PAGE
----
And so with the 2016 Rio Olympics entering its final couple of days before the Olympic torch is, quite literally, passed over to Tokyo, I thought it would be a good idea to conclude my recent fascination with the extraordinary “Irish Whales”. Having already discussed John Flanagan, Matt McGrath and Martin Sheridan in greater detail, I will be focusing on the lesser-known members of the group. Before that, however, one burning question needs to be addressed first; how did the “Irish Whales” come to be known by their moniker?
Martin Sheridan is the most successful Irish-born athlete in Olympic history, having won five golds, three silvers and one bronze medal during a period of four years. Considered the greatest all-round athlete of the first decade of the 20th century, Co. Mayo’s Martin Sheridan is the topic of today’s “great Irish sportspeople abroad” series.
The 1936 Olympic Games in Berlin was Adolf Hitler’s opportunity to showcase Nazi Germany to the world and in particular to promote his ideals of Aryan racial supremacy, through sport. Perversely, the Olympic motto of “faster, higher, stronger” did not sound out of place from the Nazi propaganda being spread at the time.
The German athletes certainly lived up to Hitler’s expectations as they comfortably topped the medals table, winning a total of 89 medals, 33 of which were gold. Despite this, the star athlete of the Games was not a German, but an African-American by the name of Jesse Owens whose four gold medals shattered the Nazi fallacy of Aryan supremacy. As a result Hitler refused to shake his hand, or so the tale goes. Owens was snubbed but not necessarily by Hitler because as is usually the case, history is written (and edited) by the victors. Owens was just as badly treated by his home nation.
Continuing with the theme of the Olympic Games, today’s “Great Irish sportspeople abroad” will focus on another of the extraordinary “Irish Whales”, Matt McGrath. McGrath was the successor to John Flanagan, the subject of yesterday’s post, as the world’s leading hammer thrower. A fellow Munster man, McGrath remained in the top ten in the sport until the age of 50. A three-time Olympic medallist, McGrath was perhaps the most colourful and influential of the “Irish Whales”.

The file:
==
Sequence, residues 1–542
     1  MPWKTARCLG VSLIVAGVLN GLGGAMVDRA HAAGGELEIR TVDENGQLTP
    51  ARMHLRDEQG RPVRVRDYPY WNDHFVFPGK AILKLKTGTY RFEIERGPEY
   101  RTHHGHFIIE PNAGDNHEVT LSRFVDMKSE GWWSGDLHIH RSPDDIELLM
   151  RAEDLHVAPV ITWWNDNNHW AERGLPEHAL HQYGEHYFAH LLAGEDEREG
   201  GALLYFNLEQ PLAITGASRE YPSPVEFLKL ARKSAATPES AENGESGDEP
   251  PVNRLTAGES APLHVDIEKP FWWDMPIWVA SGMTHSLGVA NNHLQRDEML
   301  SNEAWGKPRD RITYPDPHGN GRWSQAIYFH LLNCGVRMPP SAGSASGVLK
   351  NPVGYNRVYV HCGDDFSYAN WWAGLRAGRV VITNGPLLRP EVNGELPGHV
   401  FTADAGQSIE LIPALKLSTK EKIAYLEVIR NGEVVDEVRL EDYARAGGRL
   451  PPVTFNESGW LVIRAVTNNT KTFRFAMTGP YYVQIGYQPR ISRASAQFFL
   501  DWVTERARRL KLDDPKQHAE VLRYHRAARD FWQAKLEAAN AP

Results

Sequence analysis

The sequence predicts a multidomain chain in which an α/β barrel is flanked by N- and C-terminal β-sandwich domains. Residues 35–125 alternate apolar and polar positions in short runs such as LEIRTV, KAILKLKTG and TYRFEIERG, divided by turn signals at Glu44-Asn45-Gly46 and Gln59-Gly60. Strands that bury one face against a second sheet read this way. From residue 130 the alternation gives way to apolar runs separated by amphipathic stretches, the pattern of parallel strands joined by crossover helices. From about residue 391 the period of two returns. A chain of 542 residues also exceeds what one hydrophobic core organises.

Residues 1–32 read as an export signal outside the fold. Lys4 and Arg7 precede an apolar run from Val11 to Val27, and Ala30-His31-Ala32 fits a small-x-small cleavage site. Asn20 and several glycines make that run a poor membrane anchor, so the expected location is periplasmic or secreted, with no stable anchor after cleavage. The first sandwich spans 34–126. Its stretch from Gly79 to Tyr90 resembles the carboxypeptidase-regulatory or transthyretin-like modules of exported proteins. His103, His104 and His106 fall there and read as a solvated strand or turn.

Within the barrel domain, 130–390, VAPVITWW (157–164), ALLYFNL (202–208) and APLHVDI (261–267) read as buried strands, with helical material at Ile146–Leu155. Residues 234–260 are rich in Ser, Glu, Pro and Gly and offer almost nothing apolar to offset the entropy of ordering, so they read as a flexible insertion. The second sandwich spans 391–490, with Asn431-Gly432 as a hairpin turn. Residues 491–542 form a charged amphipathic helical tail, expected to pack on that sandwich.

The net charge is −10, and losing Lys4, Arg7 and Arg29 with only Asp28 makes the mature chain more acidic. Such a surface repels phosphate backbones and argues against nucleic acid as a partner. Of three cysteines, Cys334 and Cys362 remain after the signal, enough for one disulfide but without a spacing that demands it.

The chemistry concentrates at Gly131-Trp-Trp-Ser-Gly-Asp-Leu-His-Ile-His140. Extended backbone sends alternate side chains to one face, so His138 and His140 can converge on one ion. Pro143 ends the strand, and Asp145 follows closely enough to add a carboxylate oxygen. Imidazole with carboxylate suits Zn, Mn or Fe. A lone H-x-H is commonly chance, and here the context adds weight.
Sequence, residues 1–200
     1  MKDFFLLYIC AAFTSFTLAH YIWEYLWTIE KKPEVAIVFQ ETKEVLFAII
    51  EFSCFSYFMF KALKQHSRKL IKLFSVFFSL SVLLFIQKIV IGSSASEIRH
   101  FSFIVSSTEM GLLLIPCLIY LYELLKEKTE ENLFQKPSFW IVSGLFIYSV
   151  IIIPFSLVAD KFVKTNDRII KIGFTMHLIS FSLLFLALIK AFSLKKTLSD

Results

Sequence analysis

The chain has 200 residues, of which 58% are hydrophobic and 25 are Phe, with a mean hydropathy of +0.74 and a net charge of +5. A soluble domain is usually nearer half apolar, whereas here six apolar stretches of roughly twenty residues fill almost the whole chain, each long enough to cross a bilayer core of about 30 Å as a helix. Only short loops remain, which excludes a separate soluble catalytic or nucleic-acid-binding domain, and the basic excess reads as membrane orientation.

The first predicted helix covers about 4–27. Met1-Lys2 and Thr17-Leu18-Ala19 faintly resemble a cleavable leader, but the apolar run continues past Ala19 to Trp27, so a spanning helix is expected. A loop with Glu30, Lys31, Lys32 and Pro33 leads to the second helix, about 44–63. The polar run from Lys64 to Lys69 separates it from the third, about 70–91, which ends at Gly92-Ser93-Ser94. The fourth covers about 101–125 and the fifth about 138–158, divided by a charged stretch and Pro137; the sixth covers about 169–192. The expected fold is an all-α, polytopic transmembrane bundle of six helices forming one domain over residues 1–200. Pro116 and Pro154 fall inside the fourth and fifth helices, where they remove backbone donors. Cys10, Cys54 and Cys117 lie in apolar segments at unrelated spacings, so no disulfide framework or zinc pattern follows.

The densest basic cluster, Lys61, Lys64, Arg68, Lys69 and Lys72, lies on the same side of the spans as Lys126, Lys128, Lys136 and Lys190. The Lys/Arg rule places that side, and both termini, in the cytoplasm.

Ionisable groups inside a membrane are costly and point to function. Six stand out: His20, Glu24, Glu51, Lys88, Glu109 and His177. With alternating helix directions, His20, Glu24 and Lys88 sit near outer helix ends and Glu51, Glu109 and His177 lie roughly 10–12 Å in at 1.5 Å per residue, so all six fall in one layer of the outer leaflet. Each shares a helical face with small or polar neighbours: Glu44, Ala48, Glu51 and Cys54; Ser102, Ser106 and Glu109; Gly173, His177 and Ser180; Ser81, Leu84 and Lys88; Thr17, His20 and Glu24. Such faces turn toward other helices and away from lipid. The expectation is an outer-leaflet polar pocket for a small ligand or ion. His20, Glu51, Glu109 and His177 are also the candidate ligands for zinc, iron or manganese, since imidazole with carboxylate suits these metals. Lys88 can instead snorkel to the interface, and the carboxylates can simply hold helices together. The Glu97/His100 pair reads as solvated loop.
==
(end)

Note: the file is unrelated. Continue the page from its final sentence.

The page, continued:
Pub quiz question: who was Ireland’s first-ever Olympic medallist? The answer, more often than not, is Dr Pat O’Callaghan, who won the hammer throw at the 1928 Amsterdam Games. While it is true O’Callaghan was our country’s first Olympic medallist, he was not the first Irishman to win an Olympic medal.* That honour belongs to another, Limerick’s John Flanagan, who competed under the banner of the United States of America, and is the subject of today’s “Great Irish sportspeople abroad”.
In light of the revelations in The Sunday Times yesterday regarding widespread drugs cheating in athletics, I thought would rewrite and update an article I wrote for my university’s newspaper three years ago regarding the most notorious self-contained case of doping in the sport’s history: the men’s 100 metres final at the 1988 Seoul Olympics.
Despite lasting a mere 10 seconds, the men’s 100 metres final is athletics’ blue ribbon event at every Olympic Games. However before Usain Bolt singlehandedly redeemed the race’s reputation after major victories over the last seven years, allegations of past winners doping either during an Olympics or at some point afterwards were becoming as common as they were during cycling’s dark days.
With the exception of Bolt and Donovan Bailey (1996), every 100m winner since 1984 has at some stage in their careers tested positive for performance-enhancing drugs or been caught with the banned substances in their possession. Three of these past “winners”, Ben Johnson, Carl Lewis and Linford Christie, once participated in the same race, the 100m final at the 1988 Seoul Olympics. Perhaps unsurprisingly, the race has been consequently dubbed “the dirtiest race in history”.